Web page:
It really should have been obvious from the start, but it wasn’t.
Okay, so maybe I'm not exactly Batman.
I mean, besides being a hell of a hand-to-hand fighter, a billionaire playboy, and a heck of a detective, Batman was also a scientist. A scientist would have figured out the intricacies of the cat door situation long before installation began.
I first spotted him on a Tuesday morning. I was late to work. I hustled down the stairs and into the kitchen where I planned to snag my keys and head for the door.
He was right there, waiting for me.
There was a very fat cat with a big black spot over his right eye sitting on my kitchen counter. The chubby, eye-patched little bastard was squatting on my tiled countertops without a care in the world—like he owned the place.
Our eyes met and I swear to you, I saw him grin.
Before I could react, he leapt from the counter, shot through the cat door leading into the garage, zoomed through the one leading into the yard, and was gone.
Not only was he smart, he was fast—especially for a dude carrying a couple extra pounds.
Lets jump ahead to Wednesday night. I was awoken by the sound of two cats fighting downstairs. I figured it's just our two cats—because they’re jerks and they fight all the time—so I tried to go back to sleep. Plus, I was in the middle of  a fairly fantastic dream involving me, the Enterprise, and an invading horde of hypersexual Orion slave girls.
The fighting didn’t stop.
It wouldn’t stop, and it sounded a heck of a lot more vicious than usual.
I dragged myself from bed, wobbled downstairs half-awake, and clicked on the lights. It was Jabar. He was in my house, and he was beating the snot out of my cats. The black-eyed devil spotted me and escaped in a blink.
The next night, the exact same thing happened.
The night after that, he did it again.
He was toying with me.
The wife and I decided to temporarily close up the cat doors and bring a litter box into the equation. After a few weeks, we tried the cat doors again.
The very next night, Jabar was back.
Damn it!
I’d had enough. If Jabar’s intention was to start something, he should considered it started. It was on! I was done fooling around. I was done playing the straight man, and I was through playing nice. No more games. No more second chances. No more lollygagging, no more pigeonholing, and no more lollypigeons!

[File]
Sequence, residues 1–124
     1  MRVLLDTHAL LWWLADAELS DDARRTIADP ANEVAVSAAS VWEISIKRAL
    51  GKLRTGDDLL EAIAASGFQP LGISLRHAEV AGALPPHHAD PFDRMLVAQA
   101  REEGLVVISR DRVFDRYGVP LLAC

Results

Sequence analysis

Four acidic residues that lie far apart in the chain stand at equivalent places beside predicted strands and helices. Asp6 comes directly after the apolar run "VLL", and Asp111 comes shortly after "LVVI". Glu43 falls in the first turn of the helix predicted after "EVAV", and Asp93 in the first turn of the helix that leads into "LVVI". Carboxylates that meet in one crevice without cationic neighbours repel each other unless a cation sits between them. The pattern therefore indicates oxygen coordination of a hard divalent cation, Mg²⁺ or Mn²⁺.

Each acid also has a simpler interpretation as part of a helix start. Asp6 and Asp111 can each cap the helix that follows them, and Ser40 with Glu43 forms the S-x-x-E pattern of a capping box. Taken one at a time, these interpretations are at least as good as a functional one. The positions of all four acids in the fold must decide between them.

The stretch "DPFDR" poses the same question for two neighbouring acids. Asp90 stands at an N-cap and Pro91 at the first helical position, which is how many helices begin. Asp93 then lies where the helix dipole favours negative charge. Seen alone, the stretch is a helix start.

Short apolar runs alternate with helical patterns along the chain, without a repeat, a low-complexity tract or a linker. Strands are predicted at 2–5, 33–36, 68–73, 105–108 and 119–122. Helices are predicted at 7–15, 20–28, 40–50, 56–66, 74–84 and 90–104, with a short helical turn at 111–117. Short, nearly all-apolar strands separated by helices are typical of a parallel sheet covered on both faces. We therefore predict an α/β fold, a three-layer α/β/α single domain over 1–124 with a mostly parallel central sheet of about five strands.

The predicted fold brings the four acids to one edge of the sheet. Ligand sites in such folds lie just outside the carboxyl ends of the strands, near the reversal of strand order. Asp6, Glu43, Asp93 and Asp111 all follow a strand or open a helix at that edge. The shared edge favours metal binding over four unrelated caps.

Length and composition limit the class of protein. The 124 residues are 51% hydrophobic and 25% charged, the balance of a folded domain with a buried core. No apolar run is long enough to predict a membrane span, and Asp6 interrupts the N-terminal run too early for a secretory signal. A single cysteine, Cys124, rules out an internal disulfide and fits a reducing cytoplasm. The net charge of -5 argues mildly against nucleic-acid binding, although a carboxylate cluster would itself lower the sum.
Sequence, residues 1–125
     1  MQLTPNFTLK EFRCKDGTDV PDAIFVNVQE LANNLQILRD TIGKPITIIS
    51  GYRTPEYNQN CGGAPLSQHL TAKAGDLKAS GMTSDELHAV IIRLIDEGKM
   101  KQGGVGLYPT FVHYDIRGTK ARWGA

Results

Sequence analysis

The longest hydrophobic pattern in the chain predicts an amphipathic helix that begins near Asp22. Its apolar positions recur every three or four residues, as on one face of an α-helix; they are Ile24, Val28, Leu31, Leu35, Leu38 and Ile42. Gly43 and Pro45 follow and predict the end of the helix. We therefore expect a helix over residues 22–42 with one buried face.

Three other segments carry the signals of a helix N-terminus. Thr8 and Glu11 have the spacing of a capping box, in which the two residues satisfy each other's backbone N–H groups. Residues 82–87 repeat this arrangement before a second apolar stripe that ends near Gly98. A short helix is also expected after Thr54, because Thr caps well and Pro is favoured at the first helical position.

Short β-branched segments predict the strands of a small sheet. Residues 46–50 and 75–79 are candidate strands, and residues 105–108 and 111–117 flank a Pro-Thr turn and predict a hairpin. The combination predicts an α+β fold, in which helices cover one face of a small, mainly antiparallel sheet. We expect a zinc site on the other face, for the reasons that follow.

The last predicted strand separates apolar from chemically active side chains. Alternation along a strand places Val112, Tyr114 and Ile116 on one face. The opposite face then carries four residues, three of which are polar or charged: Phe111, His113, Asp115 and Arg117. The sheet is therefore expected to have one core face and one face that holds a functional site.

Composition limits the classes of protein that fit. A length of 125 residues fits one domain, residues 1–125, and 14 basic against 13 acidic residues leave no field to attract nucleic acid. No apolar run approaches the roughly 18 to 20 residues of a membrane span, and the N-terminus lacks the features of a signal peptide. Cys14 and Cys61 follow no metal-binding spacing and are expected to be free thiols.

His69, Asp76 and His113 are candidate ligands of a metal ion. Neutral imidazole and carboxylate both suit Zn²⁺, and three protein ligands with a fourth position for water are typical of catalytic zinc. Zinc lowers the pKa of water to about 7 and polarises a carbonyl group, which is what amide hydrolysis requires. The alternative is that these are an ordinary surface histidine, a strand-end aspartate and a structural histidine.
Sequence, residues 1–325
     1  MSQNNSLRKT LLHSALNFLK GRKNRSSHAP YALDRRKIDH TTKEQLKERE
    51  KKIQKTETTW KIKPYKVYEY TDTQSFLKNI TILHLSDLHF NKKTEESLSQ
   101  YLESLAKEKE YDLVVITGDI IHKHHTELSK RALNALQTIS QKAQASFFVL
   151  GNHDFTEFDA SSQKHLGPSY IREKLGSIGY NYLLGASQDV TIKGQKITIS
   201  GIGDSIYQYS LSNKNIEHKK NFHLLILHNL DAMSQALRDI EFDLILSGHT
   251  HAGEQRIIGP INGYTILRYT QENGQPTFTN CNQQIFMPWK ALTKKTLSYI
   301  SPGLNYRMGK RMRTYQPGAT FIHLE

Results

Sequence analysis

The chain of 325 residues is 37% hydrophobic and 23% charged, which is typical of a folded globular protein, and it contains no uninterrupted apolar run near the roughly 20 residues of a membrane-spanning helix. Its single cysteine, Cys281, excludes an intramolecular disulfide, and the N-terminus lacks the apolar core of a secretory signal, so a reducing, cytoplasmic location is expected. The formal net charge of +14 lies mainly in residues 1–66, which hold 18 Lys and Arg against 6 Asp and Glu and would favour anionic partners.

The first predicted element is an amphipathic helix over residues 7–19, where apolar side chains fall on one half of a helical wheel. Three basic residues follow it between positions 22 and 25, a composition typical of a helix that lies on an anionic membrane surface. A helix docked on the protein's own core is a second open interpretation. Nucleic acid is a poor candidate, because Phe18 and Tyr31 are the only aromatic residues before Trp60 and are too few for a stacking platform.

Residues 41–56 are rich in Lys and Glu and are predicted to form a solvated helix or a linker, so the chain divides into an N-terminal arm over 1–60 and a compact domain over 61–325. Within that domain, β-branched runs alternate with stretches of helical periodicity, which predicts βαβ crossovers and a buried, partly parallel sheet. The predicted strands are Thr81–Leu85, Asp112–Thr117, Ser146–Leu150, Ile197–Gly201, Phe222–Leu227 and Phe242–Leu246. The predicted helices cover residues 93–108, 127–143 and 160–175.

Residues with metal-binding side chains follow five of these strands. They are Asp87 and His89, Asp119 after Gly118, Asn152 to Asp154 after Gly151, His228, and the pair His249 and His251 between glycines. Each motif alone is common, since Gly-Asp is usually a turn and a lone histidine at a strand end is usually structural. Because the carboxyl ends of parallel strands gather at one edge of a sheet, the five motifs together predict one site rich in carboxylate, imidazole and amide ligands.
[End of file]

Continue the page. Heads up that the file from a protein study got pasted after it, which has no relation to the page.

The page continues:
If he wanted some of me, he was going to get some of me. He was going to get all of me he could handle, and them some!
I coiled my hands into fists and slammed my knuckles together. I lifted my head to the stars and proclaimed to the heavens above, "Bring it on, bitch!”
The wife heard me from the other room. "Bring what on? Who are you talking to?"
" one."
It was a Monday night—around 11 p.m. I was in the garage, and I was standing to the side of the door leading into the backyard. My eyes were trained on the flapping plastic covering the cat door just below my knees. Hoisted above my head was a brick.
My plan was simple: Cat comes into garage. Cat gets smashed.
Almost elegant in its simplicity, no?
Sort of like a Peanuts comic strip—with bricks and squashed cats.
"Steven, are you in he—" The wife stepped into the garage and immediately spotted me with a brick over my head, a wild expression on my face, and sweat pouring from my brow.
She stared at me for a moment, an indescribable look of confusion on her face. "Steven, what are you doing?"
Her eyes moved from me, to my smashing brick, and back to me. She wasn’t buying my nothing excuse. "No, seriously, what are you doing?"
"I'm going to crush Jabar with this brick."
"Who's Jabar?"
The cat that keeps coming in here at night."
"How do you know his name is Jabar?"
"I heard the little girls across the street calling him that when they were playing with him in their yard."
Her expression changed. Suddenly, she was looking at me like I’d just taken a dump on the floor—like I dropped my pants and started humping the punch bowl at her company Christmas party.
"So, wait. You're going to stand here in the garage all night so you can smash the cat of the little girls across the street with a brick when he tries to come in our house?"
When she said it aloud like that, I have to admit, it sounded just a little idiotic.
So what?
I couldn’t let that deter me. The plan was the plan, and the plan was set in motion. There was no coming back and no backing down. I had no intention of allowing her to steal my need for vengeance! Under no circumstances whatsoever was I going to let her ruin my cat-smashing mojo. Not today! Not ever again!
"Yep. That's exactly what I'm going to do."
"No, you're not."
"I'm not?"
"No, you're not."
"But I want to."
"You're not smashing that cat."
"Put the brick down and come upstairs."
You've won this round Jabar.


  1. Hi Mary, thanks for stopping by!
    Steven, I loved your answers. I already mentioned I choked on my tea a few times while reading! LOL Thanks for visiting with me.

  2. Thanks for hosting! The whole tour has been a blast and I'm appreciative of everyone who has been willing to put up with my many, many poop jokes. ;)